and strategic energy and climate solution that combined with other non-transportation initiatives could reduce the nation's energy consumption by 23 percent by 2020, save the U.S. economy $1.2 trillion, and reduce greenhouse gas emissions by 1.1 gigatons annually, according to a study released today by McKinsey & Company.
"This confirms a critical path forward that we have long championed. Harnessing the engine of green, energy efficient buildings can cost-effectively drive tremendous improvements in our economy and environment," said Rick Fedrizzi, President, CEO and Founding Chairman of USGBC. "Green building can stimulate the economy at a level one and a half times larger than the federal stimulus bill. In terms of climate change, a commitment to energy efficiency would be the equivalent to taking the entire U.S. fleet of passenger cars and light trucks - more than 200 million vehicles - off the road."
on 22-Apr-10 02:23.
Did you know that you may be eligible for a substantial tax deduction of up to $1.80 per square foot for improving the energy efficiency of your building or designing energy efficiency into your new building? If you're already thinking of a retrofit project, this can significantly improve your Return on Investment. If not, act quickly because this benefit is set to expire at the end of the year.
The Energy Policy Act of 2005 includes a tax deduction for investments in "energy-efficient commercial building property" designed to significantly reduce the heating, cooling, water heating, and interior lighting energy cost of new or existing commercial buildings. To be eligible, the energy-efficient commercial building property must be placed in service between January 1, 2006 and December 31, 2008. Warehouse and industrial facility owners can now reduce the payback period of investing in energy-efficient retrofit projects or new components with the added benefit of deducting up to the entire expense of these costs immediately instead of depreciating them over 39 years.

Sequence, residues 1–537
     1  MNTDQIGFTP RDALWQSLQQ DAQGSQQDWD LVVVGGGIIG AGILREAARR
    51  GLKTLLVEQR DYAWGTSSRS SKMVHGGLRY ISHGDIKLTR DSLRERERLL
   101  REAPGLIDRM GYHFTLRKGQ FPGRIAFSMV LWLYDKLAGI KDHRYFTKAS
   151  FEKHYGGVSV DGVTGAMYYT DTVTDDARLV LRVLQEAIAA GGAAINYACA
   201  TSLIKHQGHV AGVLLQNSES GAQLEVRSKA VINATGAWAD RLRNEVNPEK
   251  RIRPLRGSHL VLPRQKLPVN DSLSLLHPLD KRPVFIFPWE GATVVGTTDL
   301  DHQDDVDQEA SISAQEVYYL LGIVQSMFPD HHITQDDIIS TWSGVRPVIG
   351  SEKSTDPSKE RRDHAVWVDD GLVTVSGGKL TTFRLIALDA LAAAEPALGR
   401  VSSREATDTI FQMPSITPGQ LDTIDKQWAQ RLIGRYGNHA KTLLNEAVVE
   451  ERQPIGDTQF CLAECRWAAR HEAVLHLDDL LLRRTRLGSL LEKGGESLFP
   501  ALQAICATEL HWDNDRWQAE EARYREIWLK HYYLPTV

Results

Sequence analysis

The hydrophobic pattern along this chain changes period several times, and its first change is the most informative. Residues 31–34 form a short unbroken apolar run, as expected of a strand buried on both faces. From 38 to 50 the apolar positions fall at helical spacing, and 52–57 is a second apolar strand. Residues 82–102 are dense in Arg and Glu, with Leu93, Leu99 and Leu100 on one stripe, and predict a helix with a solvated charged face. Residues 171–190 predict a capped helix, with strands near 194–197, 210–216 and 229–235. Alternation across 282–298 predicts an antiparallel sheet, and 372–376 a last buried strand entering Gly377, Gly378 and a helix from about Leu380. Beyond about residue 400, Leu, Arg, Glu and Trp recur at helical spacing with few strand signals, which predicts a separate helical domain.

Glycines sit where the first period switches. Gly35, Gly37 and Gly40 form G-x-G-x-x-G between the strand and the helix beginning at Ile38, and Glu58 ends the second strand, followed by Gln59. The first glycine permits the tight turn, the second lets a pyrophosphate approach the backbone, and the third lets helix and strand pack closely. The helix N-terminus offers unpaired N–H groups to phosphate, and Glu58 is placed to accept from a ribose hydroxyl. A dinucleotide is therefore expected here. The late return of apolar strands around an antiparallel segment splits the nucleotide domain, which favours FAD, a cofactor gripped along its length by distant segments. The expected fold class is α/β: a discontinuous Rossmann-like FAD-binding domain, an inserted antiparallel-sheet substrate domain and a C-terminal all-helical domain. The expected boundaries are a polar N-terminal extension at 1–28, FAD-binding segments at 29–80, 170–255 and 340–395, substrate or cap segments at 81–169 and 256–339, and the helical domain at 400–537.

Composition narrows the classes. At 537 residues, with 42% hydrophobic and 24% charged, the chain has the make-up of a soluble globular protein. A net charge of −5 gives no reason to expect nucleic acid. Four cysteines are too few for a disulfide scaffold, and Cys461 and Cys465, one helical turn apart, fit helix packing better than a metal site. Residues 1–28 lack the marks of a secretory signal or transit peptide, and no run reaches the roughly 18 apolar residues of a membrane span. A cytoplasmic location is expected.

on 22-Apr-10 00:49.
Boosted in part by the American Recovery and Reinvestment Act, which will provide significant funding for renovations to federal building, the total potential market for major green renovations in the commercial building sector is approximately $400 billion, according to a new study by Pike Research. Although currently a relatively small market, the market researcher forecasts that comprehensive efficiency retrofits will more than triple in annual revenue to $6.6 billion by 2013.
The market researcher says the total U.S. commercial building market, with 70-billion square-feet of space, delivers one of the largest opportunities for energy savings, reduction of carbon emissions and increased property values.
While direct energy savings can be significant with green retrofits, the study, "Energy Efficiency Retrofits for Commercial and Public Buildings", indicates that most major projects will not be driven by cost savings, but instead will be initiated to meet broader policy and business objectives such as lower carbon footprints, higher employee productivity, and higher property values.